[Coral-List] Lion fish question

BRUCE CARLSON exallias2 at gmail.com
Mon Apr 22 12:57:30 EDT 2013


I do not have answers to your questions, but I do want to point out that population control of reef fishes can occur at any stage in the life cycle.  In fact, it's entirely possible that predation on lionfish eggs or larval lionfish is more effective at controlling the population than predation on adults.  You might expand your question to ask whether or not there are differences in species that feed on fish eggs and larvae between Atlantic and Indo-Pacific reefs.  

A single female lionfish can produce millions of eggs in her lifetime.  Even a small change in the percentage of eggs and larvae that survive predation can have a huge effect later on adult numbers.  

My point, again, is that attention needs to be focused on all aspects of the life cycle when it comes to population control.  


exallias2 at gmail.com
BCarlson at GeorgiaAquarium.org

On Apr 20, 2013, at 9:37 AM, Steve Mussman <sealab at earthlink.net> wrote:

>   Pardon the redundancy, but I feel compelled to follow up in the hope that
>   some listers might consider alternative hypotheticals. Iâll keep it brief.
>     * Is  it  possible  that a primary factor related to the density and
>       proliferation of lion fish populations throughout the Caribbean {when
>       compared  to  native  ranges}  might  be  the relative scarcity of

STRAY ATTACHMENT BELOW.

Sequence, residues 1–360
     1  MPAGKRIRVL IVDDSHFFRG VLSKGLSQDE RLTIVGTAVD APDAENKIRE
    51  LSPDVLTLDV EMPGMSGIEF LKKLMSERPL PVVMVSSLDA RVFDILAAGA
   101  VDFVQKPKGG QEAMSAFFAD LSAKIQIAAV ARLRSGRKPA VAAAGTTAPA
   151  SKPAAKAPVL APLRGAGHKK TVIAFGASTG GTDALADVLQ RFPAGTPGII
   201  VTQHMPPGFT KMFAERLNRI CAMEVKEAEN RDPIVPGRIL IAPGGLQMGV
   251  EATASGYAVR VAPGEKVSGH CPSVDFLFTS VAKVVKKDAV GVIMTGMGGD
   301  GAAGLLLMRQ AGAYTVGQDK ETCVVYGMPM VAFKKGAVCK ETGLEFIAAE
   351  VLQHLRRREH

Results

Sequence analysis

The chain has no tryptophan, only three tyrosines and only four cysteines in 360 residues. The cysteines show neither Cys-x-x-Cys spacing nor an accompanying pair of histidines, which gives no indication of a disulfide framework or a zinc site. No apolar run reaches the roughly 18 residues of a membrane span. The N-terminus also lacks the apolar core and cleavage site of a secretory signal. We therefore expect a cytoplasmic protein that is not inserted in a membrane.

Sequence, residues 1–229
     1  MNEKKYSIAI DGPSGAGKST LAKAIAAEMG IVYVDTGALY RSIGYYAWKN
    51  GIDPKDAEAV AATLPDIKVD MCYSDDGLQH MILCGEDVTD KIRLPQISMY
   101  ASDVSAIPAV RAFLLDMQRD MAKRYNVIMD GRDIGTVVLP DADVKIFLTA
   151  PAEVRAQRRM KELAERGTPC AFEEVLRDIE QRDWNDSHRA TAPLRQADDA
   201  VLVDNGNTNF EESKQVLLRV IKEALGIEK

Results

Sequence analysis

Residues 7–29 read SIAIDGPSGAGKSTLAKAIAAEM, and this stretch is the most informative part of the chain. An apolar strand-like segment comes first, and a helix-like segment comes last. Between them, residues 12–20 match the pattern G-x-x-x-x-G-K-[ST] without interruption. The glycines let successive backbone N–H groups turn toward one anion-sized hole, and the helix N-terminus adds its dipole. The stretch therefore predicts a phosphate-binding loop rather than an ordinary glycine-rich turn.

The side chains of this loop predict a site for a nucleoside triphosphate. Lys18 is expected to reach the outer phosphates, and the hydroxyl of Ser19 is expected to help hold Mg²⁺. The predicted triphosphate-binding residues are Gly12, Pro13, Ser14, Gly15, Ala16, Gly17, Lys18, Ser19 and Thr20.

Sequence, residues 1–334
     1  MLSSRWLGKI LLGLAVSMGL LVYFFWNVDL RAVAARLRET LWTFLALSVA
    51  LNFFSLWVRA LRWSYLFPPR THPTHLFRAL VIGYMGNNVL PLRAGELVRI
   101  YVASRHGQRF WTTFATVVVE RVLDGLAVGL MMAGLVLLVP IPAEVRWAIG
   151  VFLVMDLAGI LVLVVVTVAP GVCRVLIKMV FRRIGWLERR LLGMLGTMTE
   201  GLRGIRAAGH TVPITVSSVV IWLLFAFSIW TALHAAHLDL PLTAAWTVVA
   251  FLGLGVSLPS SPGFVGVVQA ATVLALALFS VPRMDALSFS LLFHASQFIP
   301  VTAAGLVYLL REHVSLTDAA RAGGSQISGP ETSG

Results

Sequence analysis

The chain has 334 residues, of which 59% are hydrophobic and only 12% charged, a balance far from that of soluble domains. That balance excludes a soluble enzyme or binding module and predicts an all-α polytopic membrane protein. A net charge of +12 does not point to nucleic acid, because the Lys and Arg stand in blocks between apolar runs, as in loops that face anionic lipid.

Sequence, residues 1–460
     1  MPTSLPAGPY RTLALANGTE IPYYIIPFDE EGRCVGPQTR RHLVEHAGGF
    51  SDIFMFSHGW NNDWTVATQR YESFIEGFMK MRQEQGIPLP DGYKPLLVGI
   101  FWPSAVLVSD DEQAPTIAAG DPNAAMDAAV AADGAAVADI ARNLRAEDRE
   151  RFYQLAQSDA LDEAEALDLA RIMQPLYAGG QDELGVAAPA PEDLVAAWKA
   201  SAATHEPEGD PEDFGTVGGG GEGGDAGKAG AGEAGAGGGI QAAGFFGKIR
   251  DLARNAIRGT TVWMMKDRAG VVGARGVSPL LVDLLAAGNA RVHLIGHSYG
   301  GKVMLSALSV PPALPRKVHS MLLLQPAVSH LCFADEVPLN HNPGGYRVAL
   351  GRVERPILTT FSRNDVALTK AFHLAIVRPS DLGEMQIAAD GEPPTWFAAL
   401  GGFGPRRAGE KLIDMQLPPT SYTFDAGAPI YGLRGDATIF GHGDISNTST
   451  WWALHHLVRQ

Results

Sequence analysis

>       higher-level,  larger  predatory fish such as sharks, grouper, and
>       snapper?
>     * Has anyone compared the relative total biomass of higher-level predators
>       on the Caribbean reefs where lion fish are now found with that of the
>       native Indo-Pacific ranges where anomalous controls are not required?
>     * Is it reasonable to at least theorize that the best case scenario for
>       effectively keeping invasive lion fish populations in check would be one
>       that encompasses a strategy for overall coral reef recovery including
>       the  related re-emergence of a greater number of potential natural
>       predators?
>     * In the spirit of full disclosure, I raise these questions because it
>       appears to me as if many in my industry are deluding themselves by
>       focusing reef conservation efforts on this particular issue. Its good
>       for business and thatâs a positive, but there needs to be an awareness
>       that the implementation of currently advocated mitigation strategies
>       will not miraculously  restore once healthy coral reef ecosystems. In
>       the end we canât continue to ignore the eight-hundred-pound gorilla
>       sitting squarely upon the Acropora palmata.
>      Regards,
>       Steve
>   www.sea-lab.com
>   http://www.news-press.com/article/20120514/GREEN/305140006/Are-predators-eat
>   ing-lionfish-
>   http://www.youtube.com/watch?v=pazS-13gzVE&feature=youtu.be
>   http://www.youtube.com/watch?v=2Hkan5JHUA0
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